If you have been using e-mail for any significant length of time, you have undoubtedly received one of those messages that encourage you to forward it to everyone in your address book. Many times, the message looks real enough, and the reasons for forwarding it are significant enough, that you ask yourself, “Should I forward this message?” What many people don’t think about is what happens when they do forward the message on.
I remember the first one of these type of messages I received, back in my early days of e-mail and internet usage. The “Good Times” virus hoax, which dates back to November 1994, found its way into my inbox, and it looked convincing enough to me that I forwarded it on to several other people. It was only after the fact that I discovered it was merely a hoax. The text of this e-mail can be found on several places on the internet – here is one version that is very similar to the one I received:
The FCC released a warning last Wednesday concerning a matter of major importance to any regular user of the InterNet. Apparently, a new computer virus has been engineered by a user of America Online that is unparalleled in its destructive capability. Other, more well-known viruses such as Stoned, Airwolf, and Michaelangelo pale in comparison to the prospects of this newest creation by a warped mentality.
What makes this virus so terrifying, said the FCC, is the fact that no program needs to be exchanged for a new computer to be infected. It can be spread through the existing e-mail systems of the InterNet. Once a computer is infected, one of several things can happen. If the computer contains a hard drive, that will most likely be destroyed. If the program is not stopped, the computer’s processor will be placed in an nth-complexity infinite binary loop – which can severely damage the processor if left running that way too long. Unfortunately, most novice computer users will not realize what is happening until it is far too late.
This information in this e-mail is complete fiction – yet many people, myself included, forwarded the message on.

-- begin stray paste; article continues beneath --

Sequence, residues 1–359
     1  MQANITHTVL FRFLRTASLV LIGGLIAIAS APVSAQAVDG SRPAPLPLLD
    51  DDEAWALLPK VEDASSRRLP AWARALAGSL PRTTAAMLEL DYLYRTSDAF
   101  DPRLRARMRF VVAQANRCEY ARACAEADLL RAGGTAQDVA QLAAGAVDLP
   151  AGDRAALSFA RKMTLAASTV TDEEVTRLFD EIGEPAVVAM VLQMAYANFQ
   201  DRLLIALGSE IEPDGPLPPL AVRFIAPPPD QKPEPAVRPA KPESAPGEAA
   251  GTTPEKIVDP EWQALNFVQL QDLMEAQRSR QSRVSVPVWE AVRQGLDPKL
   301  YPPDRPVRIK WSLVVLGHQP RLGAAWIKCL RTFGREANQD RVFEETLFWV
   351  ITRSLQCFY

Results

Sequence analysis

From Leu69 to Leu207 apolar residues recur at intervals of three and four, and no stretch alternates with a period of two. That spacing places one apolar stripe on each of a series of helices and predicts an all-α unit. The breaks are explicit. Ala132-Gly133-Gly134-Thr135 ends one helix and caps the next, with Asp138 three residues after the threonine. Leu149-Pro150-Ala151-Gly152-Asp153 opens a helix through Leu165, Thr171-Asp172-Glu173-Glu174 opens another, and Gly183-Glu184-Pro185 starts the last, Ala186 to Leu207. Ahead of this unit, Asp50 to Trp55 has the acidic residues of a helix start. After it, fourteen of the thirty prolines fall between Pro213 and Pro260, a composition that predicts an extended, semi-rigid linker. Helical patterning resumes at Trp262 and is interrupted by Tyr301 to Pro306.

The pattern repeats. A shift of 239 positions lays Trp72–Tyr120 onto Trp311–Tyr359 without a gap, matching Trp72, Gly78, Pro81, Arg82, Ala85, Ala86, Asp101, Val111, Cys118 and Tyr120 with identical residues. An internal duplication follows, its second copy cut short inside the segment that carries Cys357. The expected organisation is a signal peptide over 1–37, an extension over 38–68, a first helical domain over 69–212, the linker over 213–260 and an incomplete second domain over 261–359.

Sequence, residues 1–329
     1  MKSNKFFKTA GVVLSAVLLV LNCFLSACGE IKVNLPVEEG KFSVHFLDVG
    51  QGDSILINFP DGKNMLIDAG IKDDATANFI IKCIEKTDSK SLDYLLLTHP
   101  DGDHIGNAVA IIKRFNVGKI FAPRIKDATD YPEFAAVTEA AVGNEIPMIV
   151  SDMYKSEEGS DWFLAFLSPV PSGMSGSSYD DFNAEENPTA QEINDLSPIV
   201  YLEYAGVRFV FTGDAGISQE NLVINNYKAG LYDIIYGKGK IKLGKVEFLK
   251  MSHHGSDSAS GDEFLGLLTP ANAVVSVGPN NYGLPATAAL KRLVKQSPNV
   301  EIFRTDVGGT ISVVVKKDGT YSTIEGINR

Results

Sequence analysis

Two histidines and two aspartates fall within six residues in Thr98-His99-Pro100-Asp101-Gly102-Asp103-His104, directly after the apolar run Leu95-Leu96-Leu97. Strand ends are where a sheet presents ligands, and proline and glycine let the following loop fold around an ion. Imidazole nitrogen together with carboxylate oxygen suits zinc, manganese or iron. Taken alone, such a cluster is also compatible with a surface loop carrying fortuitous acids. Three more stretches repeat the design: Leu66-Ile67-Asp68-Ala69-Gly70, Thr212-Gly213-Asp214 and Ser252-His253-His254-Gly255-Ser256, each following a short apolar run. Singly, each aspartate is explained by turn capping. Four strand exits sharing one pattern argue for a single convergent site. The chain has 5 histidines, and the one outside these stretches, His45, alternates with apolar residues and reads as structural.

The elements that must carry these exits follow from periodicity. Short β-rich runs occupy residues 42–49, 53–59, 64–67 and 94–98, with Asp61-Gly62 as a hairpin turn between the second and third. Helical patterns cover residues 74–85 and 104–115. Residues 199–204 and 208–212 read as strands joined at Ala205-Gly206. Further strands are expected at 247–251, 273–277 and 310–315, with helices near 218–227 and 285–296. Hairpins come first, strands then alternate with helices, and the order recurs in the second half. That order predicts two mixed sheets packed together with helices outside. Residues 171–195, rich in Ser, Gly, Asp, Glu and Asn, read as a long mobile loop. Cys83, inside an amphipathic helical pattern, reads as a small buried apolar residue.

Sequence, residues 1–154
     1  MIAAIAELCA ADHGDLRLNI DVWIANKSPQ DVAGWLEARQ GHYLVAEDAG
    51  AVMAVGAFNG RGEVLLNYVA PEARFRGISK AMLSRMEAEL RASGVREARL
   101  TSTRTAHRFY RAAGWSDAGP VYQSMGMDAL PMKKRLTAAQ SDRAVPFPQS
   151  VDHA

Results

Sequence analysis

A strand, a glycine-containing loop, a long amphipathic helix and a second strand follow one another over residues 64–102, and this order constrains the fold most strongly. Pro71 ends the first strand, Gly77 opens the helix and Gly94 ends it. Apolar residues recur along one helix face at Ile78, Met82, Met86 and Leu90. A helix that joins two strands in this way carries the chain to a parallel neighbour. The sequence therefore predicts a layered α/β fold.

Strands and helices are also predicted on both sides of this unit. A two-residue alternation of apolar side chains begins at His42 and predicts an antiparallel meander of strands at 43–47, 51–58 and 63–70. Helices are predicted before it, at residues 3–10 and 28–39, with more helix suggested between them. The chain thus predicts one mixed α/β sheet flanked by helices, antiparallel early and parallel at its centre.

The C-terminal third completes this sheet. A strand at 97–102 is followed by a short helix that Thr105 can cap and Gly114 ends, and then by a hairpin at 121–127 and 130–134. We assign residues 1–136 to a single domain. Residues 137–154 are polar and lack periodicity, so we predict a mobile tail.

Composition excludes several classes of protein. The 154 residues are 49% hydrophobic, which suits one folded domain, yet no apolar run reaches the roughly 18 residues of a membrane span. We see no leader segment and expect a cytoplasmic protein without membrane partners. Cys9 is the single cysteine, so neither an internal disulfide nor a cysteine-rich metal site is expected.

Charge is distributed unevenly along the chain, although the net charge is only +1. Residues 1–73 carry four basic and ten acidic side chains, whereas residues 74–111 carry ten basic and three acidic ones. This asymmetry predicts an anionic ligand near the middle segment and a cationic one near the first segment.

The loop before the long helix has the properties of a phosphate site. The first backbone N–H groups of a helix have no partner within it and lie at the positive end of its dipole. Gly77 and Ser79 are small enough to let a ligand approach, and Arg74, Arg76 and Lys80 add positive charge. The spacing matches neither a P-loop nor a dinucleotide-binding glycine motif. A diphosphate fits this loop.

There are many other messages out there as well, not just ones dealing with “viruses.” You may have seen, for example, an e-mail describing a young boy or girl dying of some disease, who is trying to get a message forwarded to a million different people. You are asked to add your name and/or e-mail address to the list, forward it on to everyone in your e-mail list, and then, if you are a certain number on the list, to also forward it back to the originator. Is there any reason you shouldn’t do this? Yes.
My general rule, which I almost never break, is to NEVER forward on messages to people. The reason for this is because of the way most people forward messages. They click “Forward”, and then type in all of their friends e-mail addresses into either the “To:” box or the “CC:” box. Then they click “Send” and think they’ve done a great thing. Their friends get the message, and do the same thing. Before long, there are dozens, or even hundreds of these messages floating around in cyber-space that originated from this decision to forward, and most of them have hundreds of e-mail addresses attached to them. Then, once these messages end up in the hands of certain unscrupulous folks, your e-mail address, plus the e-mail addresses of all the hundreds of people this was sent to, are in the hands of people who sell them to other people for the purpose of sending out junk e-mail, or spam. The topic of spam is a subject for an entirely different article, but let me end with this: one estimate online states that almost two and quarter million spam e-mails are sent every SECOND around the world. And we wonder sometimes why it seems the internet is running slow?